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Can I talk to my grandma's doctors?

 

Question: My grandmother has been having many health issues. It has become very bad since my grandfather’s passing in 2009. She has recently been diagnosed with fibromyalgia and lupus. Since then, she has been in a lot of pain and tells her friends she cannot cook, clean or drive. She sleeps a lot. She is seeing about seven different medical doctors and they give her medication. My question is whether I have any rights as a granddaughter to contact these doctors. I am concerned with her well being. Can they talk to me? I do not know if these doctors know all the medications she is taking or what each doctor has diagnosed. What rights do I have?

Dr. Amy: It’s important that our doctors know about every drug we are taking, including over-the-counter drugs we get without a prescription. That’s because one drug may interact with another, in some cases creating serious medical problems. I encourage you to have your grandmother write to her doctors with a list re-capping the doctors she is seeing and the medications she is taking. If this is difficult for her to do, you could help her.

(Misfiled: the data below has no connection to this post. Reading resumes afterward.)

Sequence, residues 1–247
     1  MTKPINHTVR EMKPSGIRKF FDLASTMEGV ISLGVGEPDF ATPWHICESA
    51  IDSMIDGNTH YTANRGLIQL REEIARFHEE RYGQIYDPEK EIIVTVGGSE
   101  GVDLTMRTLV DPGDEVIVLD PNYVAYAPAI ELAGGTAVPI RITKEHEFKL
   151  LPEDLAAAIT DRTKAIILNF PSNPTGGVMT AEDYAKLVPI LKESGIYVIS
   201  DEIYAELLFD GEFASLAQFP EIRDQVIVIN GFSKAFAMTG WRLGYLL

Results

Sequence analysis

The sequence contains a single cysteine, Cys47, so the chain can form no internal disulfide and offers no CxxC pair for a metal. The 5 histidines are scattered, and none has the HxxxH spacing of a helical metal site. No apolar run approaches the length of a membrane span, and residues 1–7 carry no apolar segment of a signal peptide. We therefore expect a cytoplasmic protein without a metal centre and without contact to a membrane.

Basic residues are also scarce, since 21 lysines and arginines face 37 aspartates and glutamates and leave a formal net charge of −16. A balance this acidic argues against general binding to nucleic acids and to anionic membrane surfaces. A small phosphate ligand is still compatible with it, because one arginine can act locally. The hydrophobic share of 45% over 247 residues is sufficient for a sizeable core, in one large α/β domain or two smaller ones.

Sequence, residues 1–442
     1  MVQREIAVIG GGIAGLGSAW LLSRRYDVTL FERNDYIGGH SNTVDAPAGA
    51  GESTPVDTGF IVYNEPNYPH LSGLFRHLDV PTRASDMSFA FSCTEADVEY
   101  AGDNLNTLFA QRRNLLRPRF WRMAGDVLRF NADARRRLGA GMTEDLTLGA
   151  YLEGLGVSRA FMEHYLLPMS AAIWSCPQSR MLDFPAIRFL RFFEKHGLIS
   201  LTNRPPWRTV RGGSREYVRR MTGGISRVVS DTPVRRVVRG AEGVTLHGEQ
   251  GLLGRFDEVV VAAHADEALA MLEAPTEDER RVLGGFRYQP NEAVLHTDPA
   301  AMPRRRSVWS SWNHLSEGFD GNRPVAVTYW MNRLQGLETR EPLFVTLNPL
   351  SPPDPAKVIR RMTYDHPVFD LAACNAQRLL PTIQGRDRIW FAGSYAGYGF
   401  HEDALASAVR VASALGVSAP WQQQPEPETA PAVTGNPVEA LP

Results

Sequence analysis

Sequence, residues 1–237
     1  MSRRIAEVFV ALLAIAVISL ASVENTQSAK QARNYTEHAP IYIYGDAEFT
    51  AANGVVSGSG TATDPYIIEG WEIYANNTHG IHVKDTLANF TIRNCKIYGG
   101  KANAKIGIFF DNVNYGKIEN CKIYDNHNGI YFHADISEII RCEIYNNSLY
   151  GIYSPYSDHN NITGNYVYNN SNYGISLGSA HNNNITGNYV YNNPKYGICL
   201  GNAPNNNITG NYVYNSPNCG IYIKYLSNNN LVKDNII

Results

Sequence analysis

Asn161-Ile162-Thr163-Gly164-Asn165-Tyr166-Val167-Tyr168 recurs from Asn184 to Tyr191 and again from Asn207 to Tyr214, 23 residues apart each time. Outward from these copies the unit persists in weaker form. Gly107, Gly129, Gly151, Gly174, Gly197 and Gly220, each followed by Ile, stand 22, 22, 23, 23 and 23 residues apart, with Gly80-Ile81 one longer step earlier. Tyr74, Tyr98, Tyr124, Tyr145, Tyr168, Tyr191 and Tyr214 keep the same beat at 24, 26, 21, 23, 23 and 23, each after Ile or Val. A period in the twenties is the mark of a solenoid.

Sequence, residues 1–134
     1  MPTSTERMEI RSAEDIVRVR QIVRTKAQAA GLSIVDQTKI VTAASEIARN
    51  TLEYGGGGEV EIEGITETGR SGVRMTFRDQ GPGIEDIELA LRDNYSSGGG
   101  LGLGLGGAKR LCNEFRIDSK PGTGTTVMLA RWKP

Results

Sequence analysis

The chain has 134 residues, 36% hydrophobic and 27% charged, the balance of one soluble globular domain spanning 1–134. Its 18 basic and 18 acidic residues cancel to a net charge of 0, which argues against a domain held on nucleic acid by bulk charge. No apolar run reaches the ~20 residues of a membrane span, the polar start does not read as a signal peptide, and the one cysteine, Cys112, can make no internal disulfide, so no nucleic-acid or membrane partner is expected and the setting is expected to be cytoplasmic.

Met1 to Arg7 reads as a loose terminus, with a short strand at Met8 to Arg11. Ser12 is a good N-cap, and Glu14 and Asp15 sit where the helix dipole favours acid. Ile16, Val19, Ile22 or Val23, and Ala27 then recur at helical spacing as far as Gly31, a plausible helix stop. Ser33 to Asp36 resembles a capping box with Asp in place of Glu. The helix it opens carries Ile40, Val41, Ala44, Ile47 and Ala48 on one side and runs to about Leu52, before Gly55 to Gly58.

To answer your question, the doctors will need your grandmother’s permission to discuss her health with you. That’s because health information is protected under privacy laws. If your grandmother is willing to grant permission, she can write a letter to the doctors stating this— or she can give her consent when she visits with them. You can call each doctor’s office to ask whether you can fax a letter signed by her, or what they prefer. Assuming your grandmother is open to this, it’s a good idea for you to be listed in her medical file as someone the doctors are allowed to share information with. In fact, it’s a good idea for all of us to think about who we want our doctors to be free to consult, should something happen. 

Your grandmother is lucky to have such a caring and concerned granddaughter!

 

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